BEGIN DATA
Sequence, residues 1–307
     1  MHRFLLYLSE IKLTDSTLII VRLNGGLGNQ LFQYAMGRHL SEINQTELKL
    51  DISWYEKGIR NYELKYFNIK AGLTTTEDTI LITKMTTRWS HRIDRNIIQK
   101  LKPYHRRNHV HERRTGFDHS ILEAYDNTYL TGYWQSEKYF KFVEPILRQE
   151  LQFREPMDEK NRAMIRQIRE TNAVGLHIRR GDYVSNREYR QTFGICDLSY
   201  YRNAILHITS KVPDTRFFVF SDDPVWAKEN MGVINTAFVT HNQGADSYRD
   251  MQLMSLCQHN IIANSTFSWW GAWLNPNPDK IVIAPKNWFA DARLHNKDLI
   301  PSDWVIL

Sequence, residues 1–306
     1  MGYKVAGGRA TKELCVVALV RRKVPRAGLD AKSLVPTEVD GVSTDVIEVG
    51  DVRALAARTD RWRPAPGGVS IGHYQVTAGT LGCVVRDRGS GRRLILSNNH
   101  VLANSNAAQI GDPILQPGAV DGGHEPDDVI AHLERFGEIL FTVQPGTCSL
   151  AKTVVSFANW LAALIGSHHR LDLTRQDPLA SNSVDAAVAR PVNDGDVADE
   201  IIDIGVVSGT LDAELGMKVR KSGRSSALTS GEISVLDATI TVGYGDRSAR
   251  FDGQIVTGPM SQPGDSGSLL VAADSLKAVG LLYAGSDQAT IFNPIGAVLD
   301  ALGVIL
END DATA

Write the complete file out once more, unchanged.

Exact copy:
Sequence, residues 1–307
     1  MHRFLLYLSE IKLTDSTLII VRLNGGLGNQ LFQYAMGRHL SEINQTELKL
    51  DISWYEKGIR NYELKYFNIK AGLTTTEDTI LITKMTTRWS HRIDRNIIQK
   101  LKPYHRRNHV HERRTGFDHS ILEAYDNTYL TGYWQSEKYF KFVEPILRQE
   151  LQFREPMDEK NRAMIRQIRE TNAVGLHIRR GDYVSNREYR QTFGICDLSY
   201  YRNAILHITS KVPDTRFFVF SDDPVWAKEN MGVINTAFVT HNQGADSYRD
   251  MQLMSLCQHN IIANSTFSWW GAWLNPNPDK IVIAPKNWFA DARLHNKDLI
   301  PSDWVIL

Sequence, residues 1–306
     1  MGYKVAGGRA TKELCVVALV RRKVPRAGLD AKSLVPTEVD GVSTDVIEVG
    51  DVRALAARTD RWRPAPGGVS IGHYQVTAGT LGCVVRDRGS GRRLILSNNH
   101  VLANSNAAQI GDPILQPGAV DGGHEPDDVI AHLERFGEIL FTVQPGTCSL
   151  AKTVVSFANW LAALIGSHHR LDLTRQDPLA SNSVDAAVAR PVNDGDVADE
   201  IIDIGVVSGT LDAELGMKVR KSGRSSALTS GEISVLDATI TVGYGDRSAR
   251  FDGQIVTGPM SQPGDSGSLL VAADSLKAVG LLYAGSDQAT IFNPIGAVLD
   301  ALGVIL